I imagine these three chaps and one chapess sitting in front of their computer screens, at the four corners of the Earth, contemplating collectively how the hell they were going to sell the product of their labours to the bastards who have future research grants to hand out. [See, I’m getting into it.] “I was watching South Park . . .” one began but was stopped. “Bugger it, we can’t go that far,” a wiser head counselled. “What’s the mildest bloody swear word you can think of?” A bit of electronic head-scratching ensued: “Damned if I know.” And then the light bulb went off.
Which of these dons, I wonder, watches old movies on TV? How, in fact, does such a widely distributed foursome get together, to swear at one another in at least three languages? [It sounds like the start of a dirty joke . . . a Dutchman, an American, a Pom and a Chinese lady walk into a conference room and . . .]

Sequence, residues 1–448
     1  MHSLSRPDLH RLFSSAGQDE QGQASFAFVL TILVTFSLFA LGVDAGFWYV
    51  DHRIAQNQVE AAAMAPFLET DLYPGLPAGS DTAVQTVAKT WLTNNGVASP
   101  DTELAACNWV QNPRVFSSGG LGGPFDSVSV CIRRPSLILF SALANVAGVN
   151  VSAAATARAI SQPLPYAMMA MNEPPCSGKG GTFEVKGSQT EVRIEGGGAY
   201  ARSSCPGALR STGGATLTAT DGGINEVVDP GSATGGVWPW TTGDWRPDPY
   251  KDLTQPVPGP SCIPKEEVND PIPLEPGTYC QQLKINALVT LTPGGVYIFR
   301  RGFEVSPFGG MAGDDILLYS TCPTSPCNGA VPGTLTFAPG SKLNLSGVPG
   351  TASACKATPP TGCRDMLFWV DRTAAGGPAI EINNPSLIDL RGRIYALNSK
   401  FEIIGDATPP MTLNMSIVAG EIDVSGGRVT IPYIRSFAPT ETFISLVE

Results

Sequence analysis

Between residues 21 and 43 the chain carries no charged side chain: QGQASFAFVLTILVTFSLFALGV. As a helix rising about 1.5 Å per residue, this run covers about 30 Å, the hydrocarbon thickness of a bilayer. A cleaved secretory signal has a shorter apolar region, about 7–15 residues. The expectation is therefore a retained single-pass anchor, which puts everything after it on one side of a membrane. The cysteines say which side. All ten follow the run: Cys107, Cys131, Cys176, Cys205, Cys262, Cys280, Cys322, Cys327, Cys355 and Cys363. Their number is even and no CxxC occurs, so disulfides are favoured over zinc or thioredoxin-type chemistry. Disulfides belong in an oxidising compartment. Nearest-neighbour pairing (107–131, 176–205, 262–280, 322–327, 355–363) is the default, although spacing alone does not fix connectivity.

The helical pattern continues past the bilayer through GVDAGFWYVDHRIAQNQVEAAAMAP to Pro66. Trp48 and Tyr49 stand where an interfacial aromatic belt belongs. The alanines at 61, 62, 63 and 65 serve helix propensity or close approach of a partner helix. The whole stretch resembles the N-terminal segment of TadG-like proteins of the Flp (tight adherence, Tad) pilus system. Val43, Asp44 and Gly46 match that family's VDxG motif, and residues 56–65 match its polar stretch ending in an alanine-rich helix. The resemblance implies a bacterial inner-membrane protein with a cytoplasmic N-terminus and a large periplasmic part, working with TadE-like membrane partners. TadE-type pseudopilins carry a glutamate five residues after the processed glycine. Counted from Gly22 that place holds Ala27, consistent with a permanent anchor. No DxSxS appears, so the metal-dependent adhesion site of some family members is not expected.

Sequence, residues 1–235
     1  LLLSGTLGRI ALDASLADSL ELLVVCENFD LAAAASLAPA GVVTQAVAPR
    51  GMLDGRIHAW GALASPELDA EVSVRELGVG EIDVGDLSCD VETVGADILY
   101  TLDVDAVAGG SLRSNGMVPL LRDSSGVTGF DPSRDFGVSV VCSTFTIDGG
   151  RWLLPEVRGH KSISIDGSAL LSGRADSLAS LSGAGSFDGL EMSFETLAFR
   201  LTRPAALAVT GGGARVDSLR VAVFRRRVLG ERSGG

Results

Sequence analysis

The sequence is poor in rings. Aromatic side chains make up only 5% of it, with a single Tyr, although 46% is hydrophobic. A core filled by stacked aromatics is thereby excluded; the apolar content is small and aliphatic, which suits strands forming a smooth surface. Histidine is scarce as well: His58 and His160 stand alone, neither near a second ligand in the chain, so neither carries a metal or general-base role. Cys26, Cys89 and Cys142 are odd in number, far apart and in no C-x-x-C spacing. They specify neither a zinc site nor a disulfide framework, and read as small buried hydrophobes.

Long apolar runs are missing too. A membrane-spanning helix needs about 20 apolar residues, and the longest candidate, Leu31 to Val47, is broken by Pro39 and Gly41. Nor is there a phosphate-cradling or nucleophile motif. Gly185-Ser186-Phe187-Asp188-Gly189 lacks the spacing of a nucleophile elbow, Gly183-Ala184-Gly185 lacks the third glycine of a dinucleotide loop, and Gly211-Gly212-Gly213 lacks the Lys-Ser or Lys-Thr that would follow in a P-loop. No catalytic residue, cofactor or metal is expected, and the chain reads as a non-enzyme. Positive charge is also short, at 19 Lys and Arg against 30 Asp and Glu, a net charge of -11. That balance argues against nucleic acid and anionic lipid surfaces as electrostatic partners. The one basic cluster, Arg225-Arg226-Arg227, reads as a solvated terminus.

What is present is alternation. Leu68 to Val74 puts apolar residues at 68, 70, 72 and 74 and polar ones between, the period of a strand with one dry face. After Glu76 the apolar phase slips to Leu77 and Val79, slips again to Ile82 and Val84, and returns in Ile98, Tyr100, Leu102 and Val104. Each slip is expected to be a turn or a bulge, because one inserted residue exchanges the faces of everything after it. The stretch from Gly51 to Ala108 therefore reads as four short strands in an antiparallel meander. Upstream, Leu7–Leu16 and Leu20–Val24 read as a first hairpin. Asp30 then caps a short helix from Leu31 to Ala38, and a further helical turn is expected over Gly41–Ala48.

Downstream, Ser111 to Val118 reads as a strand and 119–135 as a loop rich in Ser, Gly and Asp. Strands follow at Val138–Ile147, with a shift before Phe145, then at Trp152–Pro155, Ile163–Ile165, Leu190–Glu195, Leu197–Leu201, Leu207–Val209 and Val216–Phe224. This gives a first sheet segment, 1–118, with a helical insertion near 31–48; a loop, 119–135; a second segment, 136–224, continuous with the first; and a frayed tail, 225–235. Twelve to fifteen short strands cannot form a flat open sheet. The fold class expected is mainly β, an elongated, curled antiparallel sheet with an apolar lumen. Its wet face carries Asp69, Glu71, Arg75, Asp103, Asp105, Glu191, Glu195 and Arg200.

Anyway, what they actually did was this, according to the abstract: “There are two conflicting perspectives regarding the relationship between profanity and dishonesty. These two forms of norm-violating behavior share common causes and are often considered to be positively related. On the other hand, however, profanity is often used to express one’s genuine feelings and could therefore be negatively related to dishonesty. In three studies, we explored the relationship between profanity and honesty. We examined profanity and honesty first with profanity behavior and lying on a scale in the lab, then with a linguistic analysis of real-life social interactions on Facebook; and finally with profanity and integrity indexes for the aggregate level of US states. We found a consistent positive relationship between profanity and honesty; profanity was associated with less lying and deception at the individual level and with higher integrity at the society level.”